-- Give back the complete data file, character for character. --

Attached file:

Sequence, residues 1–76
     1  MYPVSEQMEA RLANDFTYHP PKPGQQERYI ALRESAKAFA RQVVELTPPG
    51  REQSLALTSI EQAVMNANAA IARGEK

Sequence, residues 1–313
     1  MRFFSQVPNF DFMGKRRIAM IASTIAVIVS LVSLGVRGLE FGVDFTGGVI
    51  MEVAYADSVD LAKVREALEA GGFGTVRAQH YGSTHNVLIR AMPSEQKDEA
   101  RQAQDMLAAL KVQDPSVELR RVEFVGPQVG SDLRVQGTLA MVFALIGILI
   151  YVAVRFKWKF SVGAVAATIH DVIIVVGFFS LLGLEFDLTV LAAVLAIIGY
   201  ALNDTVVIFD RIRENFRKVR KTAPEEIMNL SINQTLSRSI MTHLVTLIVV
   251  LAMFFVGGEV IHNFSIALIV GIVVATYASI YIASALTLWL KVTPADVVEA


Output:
Sequence, residues 1–76
     1  MYPVSEQMEA RLANDFTYHP PKPGQQERYI ALRESAKAFA RQVVELTPPG
    51  REQSLALTSI EQAVMNANAA IARGEK

Sequence, residues 1–313
     1  MRFFSQVPNF DFMGKRRIAM IASTIAVIVS LVSLGVRGLE FGVDFTGGVI
    51  MEVAYADSVD LAKVREALEA GGFGTVRAQH YGSTHNVLIR AMPSEQKDEA
   101  RQAQDMLAAL KVQDPSVELR RVEFVGPQVG SDLRVQGTLA MVFALIGILI
   151  YVAVRFKWKF SVGAVAATIH DVIIVVGFFS LLGLEFDLTV LAAVLAIIGY
   201  ALNDTVVIFD RIRENFRKVR KTAPEEIMNL SINQTLSRSI MTHLVTLIVV
   251  LAMFFVGGEV IHNFSIALIV GIVVATYASI YIASALTLWL KVTPADVVEA